A man experiencing homelessness in Lancaster was in quarantine Friday while awaiting results of a coronavirus test, increasing concerns of an outbreak among vulnerable people who wander the streets and sleep in shelters and parks.
The man, a guest at the shelter at Water Street Mission, is now housed in a private room in an undisclosed building obtained and overseen by the county’s network of service providers for the homeless, Jack Crowley, Water Street Mission president, said.
The building has the capacity to quarantine up to 40 people.
The opening of a quarantine facility is an example of the kinds of actions local groups and governments are taking to respond to COVID-19 among the homeless.
Meanwhile, service providers and Lancaster city officials say efforts are ongoing to open a center where those without housing can be warm, dry and safe during the day. That need came to the forefront after the pandemic forced the closures of Lancaster Public Library, coffee shops, restaurants, community meals and other indoor spaces normally open to the public.
“The whole idea is to prevent folks from needing hospitals,” said Jen Koppel, executive director of LanCo MyHome, a coalition of service providers for the homeless. “No one has lived through a time like this, which makes me impressed with the amount of coordination that is going on.”
Lancaster Mayor Danene Sorace said Thursday that the city anticipates more vulnerable people testing positive for coronavirus.
“As you can imagine, in the best of circumstances, homelessness is scary,” Sorace said. “As mayor, my best efforts are to mobilize and marshal as many resources as we can to care for our most vulnerable at this time.”
A resident of Landis Homes has tested positive for COVID-19 and is in a local hospital, the …
Changes in how outreach is happening to the homeless include the following:
_ The winter shelter for up to 40 women at St. Mary’s Catholic Church will remain open through April 30 instead of closing next week as was planned. It has been operating at capacity. Staff are taking temperatures when women arrive for the night. Paid staff has also replaced all volunteers, said Rebecca Saner of Lancaster County Food Hub, which operates the shelter.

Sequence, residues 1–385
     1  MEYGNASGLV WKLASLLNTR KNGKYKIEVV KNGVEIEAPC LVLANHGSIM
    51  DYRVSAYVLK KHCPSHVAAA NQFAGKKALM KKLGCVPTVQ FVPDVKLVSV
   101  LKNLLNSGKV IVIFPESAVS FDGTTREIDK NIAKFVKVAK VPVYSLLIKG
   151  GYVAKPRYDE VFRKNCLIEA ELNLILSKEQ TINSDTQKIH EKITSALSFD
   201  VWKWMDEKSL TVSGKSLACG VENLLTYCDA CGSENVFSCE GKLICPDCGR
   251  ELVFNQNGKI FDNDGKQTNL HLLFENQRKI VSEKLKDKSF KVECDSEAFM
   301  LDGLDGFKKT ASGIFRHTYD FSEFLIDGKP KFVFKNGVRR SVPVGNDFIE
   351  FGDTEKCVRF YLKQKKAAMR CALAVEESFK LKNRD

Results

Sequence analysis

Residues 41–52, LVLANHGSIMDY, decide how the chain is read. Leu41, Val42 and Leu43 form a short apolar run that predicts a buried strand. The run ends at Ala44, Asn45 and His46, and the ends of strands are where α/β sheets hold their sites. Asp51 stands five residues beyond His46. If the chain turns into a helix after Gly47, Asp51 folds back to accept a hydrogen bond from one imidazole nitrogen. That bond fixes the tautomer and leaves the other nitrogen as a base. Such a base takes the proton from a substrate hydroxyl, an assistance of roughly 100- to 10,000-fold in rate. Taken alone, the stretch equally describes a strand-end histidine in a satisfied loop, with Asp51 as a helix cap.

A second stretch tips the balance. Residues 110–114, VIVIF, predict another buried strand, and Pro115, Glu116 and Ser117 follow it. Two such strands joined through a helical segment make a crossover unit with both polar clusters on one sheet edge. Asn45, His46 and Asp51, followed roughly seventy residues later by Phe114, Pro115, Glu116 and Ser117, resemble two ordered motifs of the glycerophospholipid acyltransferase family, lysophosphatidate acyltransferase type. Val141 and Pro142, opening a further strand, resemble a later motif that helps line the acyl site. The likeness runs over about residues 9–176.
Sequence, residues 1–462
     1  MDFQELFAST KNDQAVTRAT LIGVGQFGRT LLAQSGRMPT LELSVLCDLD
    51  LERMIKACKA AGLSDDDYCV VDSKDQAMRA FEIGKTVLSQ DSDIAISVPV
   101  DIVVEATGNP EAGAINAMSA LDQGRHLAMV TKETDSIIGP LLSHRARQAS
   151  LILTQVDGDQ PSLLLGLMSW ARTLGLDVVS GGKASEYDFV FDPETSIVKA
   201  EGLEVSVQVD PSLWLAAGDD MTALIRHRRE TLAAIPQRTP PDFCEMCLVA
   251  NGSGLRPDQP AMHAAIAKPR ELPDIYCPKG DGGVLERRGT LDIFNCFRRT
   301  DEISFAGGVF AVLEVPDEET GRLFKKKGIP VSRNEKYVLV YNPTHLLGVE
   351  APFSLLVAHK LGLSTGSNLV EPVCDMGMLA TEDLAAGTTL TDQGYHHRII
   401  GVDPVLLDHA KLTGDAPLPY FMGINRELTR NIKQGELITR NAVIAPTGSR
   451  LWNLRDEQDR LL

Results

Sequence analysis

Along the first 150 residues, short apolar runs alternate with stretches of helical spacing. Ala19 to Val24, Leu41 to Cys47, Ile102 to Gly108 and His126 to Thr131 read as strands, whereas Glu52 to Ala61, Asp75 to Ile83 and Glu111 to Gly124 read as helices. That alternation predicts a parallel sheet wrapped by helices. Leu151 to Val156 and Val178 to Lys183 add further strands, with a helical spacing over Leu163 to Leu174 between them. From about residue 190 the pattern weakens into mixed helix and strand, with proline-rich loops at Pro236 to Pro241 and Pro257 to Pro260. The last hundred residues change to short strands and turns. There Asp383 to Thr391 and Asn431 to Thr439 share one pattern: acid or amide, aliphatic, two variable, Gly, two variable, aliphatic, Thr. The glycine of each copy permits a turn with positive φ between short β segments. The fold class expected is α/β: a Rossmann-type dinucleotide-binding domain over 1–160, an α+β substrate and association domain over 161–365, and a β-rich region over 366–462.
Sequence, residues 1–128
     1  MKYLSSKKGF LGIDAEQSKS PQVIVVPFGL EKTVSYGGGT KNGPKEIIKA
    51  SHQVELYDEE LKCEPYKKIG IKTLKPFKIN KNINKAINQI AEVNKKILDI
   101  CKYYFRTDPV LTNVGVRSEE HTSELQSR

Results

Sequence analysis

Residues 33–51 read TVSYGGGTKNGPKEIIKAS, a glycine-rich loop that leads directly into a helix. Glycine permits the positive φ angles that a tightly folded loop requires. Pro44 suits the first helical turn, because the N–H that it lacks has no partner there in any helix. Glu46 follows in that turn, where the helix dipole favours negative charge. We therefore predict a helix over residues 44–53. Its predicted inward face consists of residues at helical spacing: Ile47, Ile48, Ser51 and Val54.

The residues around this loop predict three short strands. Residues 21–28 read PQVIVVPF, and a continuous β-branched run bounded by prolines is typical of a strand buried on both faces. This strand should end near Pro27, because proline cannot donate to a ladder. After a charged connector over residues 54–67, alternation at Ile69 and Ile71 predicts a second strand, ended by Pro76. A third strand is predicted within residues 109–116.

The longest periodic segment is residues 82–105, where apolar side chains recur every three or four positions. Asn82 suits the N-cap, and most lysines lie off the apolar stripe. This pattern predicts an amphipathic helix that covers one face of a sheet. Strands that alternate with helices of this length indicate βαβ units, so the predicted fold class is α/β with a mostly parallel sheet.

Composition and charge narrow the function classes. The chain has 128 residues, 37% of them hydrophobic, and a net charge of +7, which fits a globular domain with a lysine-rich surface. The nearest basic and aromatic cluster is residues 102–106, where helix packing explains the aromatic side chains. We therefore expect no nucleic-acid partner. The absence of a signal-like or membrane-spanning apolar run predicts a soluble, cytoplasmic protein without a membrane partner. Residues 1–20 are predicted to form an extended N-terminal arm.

_ Water Street Mission continues to shelter over 60 men in its emergency shelter and about 40 mothers and children in a separate shelter. It also houses about 60 men and 40 women and children in longer-term residential housing. Staff screens guests for symptoms. Meanwhile, the mission has drastically reduced volunteers on campus and 40% of staff is working from home. Disinfection of occupied spaces happens four or five times a day, Crowley said.
_ Feeding programs in Lancaster city are continuing three times a day, seven days a week. Grab-and-go bags are distributed in place of the traditional sit-down, community meals. Some locations have changed.
The best way to help, officials say, is to donate money to such providers as LanCo MyHome, Lancaster County Food Hub and Water Street Mission.
“I hate to focus just on money,” Gail Rittenhouse, Food Hub executive director, said, “but having enough resources to be able to meet the greater expenses that we are incurring enables us to weather this crisis.”
In interviews, some people experiencing homeless seemed to brush off any concerns about falling ill, but others were worried.
“We’re all outside, walking around town, exposing ourselves to the virus, because we now have cases in the county,” Tricia Schorn, 60, said. “We’re underserved medically. We have underlying health conditions. We’re dissed by everybody in town.”
Gia Giancana, 48, shares Schorn’s concerns.
“Guess what, we pick up our prescriptions at Rite Aid. We get our drinks at Starbucks. We eat at McDonald’s. We’re everywhere,” said Giancana, who sleeps at the women’s shelter. “So that’s the petri dish. And you know what’s helping to incubate it? The purple porta-potties (in the downtown) that they haven’t cleaned and that have run out of hand sanitizer. Those are purple petri dishes.”
The Rev. Mandy Mastros of Moravian Church of Lancaster said many of the homeless she encounters are resilient and grateful for free meals and shelter, but they’re also under stress.
“When the main direction for a crisis is to stay in your home, what do you do when you don’t have a home to stay in?” Mastros said. “When washing hands is necessary to stay safe, what can you do when you can’t readily shower and wash hands?”
“We have trouble seeing our homeless population sometimes,” she said. “One of the things I hope is a positive result with this is it’s harder to miss them now. My hope is, after all is said and done, we’ll do better to meet those needs.”
Saner, Food Hub program coordinator, agreed.
“Homelessness was a pandemic way before this,” she said.